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Should College Athletes Be Paid?

Perspectives on both sides of the issue.

Should collegiate athletes be paid?

Certainly this is a controversial and emotional issue; something for all of us to think about. A low-profile discussion is continuing at the NCAA. Here are a few perspectives:

Try not to just scratch the surface on this issue. Dig deeper into educational values, consequences, fairness, equality, cause and effects. 

 Don't just take the easy generalizations of NCAA greed and profit and the players are already being paid. Think about the true meanings of the words amateur and professional and how they might change.

I have not made up my mind on this issue.

* College towns and universities make tens of millions of dollars off of the extraordinary talents and efforts of student athletes. Large percentages of small college-town business revenue and municipal budgets generated by intercollegiate athletes.

* However, not all athletes participate in sports that generate money. In some cases like baseball some schools generate money in baseball. However,  other schools that compete have extremely poor attendance. Sports are offered to attract a broad-base student enrollment. They considered baseball and many other sports, non-revenue generating teams.

* When competing in college, some players receive injuries that eliminate them from a professional career.

* Many college athletes receive 100 percent of their college expenses, others only 25 percent and still others nothing at all.

* Currently players receive no income for the sale of their image, or memorabilia.

* Would only the men receive money, since the prime sources of revenue are men’s basketball and football?

* If they were paid, should every varsity participant be paid an equal amount?Or should they be paid as a professional, according to value and productivity as an athlete or their ability to generate money?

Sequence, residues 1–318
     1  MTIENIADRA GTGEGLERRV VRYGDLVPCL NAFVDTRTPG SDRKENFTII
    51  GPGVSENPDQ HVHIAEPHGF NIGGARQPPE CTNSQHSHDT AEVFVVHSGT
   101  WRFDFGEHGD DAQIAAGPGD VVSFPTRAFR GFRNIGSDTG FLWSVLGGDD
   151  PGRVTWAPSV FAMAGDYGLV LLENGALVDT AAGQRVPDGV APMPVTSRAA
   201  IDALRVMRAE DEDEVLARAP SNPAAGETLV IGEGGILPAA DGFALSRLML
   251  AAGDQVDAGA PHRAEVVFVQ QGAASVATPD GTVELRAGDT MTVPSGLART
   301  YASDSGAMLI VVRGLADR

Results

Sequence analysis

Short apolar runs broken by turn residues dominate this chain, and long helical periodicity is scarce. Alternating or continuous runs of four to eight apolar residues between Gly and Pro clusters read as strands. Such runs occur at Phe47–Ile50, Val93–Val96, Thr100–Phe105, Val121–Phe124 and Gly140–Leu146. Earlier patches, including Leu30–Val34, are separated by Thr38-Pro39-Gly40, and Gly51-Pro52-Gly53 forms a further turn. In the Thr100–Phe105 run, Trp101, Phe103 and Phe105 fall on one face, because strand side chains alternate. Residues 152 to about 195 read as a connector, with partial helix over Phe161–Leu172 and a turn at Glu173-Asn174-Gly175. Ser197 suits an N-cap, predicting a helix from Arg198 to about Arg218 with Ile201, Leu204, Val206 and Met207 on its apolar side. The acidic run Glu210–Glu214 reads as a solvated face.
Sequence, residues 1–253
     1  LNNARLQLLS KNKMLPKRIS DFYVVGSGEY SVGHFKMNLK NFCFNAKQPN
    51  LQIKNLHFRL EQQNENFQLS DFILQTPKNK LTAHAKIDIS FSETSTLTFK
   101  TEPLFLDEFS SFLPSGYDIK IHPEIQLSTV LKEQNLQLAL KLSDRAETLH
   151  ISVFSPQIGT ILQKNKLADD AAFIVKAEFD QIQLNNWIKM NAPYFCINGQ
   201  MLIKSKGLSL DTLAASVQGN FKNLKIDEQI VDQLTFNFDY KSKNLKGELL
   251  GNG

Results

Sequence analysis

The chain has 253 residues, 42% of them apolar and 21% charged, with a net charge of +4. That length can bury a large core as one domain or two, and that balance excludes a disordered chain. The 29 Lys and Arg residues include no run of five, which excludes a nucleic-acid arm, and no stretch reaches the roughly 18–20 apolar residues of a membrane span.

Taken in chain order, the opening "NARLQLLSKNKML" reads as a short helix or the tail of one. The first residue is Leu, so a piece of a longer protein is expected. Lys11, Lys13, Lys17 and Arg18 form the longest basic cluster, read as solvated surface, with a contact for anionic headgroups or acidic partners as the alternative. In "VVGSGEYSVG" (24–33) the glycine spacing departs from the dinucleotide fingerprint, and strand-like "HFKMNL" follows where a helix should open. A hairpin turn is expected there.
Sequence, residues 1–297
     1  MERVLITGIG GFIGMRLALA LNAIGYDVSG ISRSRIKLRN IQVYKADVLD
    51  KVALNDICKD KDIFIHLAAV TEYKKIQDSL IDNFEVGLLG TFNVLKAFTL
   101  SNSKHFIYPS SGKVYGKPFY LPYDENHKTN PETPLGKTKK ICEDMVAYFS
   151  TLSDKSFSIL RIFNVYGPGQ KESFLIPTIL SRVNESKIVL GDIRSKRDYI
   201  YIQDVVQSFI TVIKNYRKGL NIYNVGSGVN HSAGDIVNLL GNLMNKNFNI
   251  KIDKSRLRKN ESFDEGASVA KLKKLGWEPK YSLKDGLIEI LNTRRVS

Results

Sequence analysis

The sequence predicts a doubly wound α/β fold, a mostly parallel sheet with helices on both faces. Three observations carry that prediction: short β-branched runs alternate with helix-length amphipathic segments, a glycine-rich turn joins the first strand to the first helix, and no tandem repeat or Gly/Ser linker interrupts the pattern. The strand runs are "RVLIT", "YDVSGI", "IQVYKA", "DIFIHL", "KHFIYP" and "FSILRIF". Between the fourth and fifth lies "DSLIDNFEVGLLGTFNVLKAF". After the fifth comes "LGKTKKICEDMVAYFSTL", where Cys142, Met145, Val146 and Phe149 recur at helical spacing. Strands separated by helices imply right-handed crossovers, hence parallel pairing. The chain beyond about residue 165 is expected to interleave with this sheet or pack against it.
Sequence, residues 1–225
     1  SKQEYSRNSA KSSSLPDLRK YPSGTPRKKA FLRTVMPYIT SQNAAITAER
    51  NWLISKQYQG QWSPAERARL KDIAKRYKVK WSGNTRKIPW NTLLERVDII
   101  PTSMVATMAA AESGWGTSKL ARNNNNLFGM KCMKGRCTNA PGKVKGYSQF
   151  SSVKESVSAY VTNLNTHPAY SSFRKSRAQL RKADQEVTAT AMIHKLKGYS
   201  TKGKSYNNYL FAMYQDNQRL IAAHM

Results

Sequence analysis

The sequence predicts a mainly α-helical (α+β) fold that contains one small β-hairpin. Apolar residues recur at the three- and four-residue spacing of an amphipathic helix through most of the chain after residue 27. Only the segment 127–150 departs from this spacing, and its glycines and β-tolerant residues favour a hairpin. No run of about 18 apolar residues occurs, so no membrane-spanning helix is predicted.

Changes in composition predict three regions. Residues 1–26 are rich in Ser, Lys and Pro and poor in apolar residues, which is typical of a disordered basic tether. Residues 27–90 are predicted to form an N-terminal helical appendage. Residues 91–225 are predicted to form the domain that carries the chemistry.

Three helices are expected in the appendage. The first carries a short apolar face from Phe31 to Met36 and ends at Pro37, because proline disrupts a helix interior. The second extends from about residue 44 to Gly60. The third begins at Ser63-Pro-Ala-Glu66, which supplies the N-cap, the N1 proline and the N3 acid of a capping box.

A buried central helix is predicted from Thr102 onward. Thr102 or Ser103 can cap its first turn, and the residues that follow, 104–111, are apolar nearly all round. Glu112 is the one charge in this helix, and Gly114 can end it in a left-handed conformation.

* NCAA Division I coaches are paid hundreds of thousands to millions of dollars.

* Currently, a college athlete consumes more time per week in athletics, than in class. Would/should a professional collegiate athlete's academic eligibility to play need to be re-evaluated? Is there a need for a new category and definition? Should we renew the term Semi-Pro?

Having considered the above, there are two remaining and somewhat overwhelming factors:

A) Are pro fans essentially different from collegiate fans, or is it just the   venue? And if players were paid, would that change the fan experience? 

B) If players were paid would the game itself change; would the players play differently? 

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Steve L November 01, 2011 at 05:46 PM
Should they at present? No. Can it be made possible? Sure, though several things you've mentioned would have to be considered. Does it make sense? Probably not. A) Yes, because there is a stronger, more loyal fan base. In collegiate sports you support the school more than you do the team. America doesn't have a strong sense of regional pride outside special pockets who love their teams even though they perpetually disappoint. B) Yes. A very low ceiling on a salary cap would need to be created in order to ensure talent is spread out and schools don't just buy their championships. Also, a very small amount of money doesn't take away from the dreams of riches in professional sports to which collegiate athletes should continue to perform toward.
Michelle November 01, 2011 at 11:49 PM
I have worked in higher education for quite awhile and I used to feel quite strongly that college athletes -- or as the NCAA calls them -- student athletes -- shouldn't be paid. But I've revised my opinion. In the current, flawed system, I believe that they should be paid. The many abuses of the current NCAA system are well detailed in the October 2011 cover article "The Shame of College Sports" in the Atlantic Monthly. if you haven't already read it, I urge you to. http://www.theatlantic.com/magazine/archive/2011/10/the-shame-of-college-sports/8643/ As with all other students, retention and progress towards graduation is a huge issue with student athletes and NCAA Div 1 and Div 2 coaches need to be assessed on the percentage of their players that they graduate within 6 years (although I personally think 4-5 years is a better measure).

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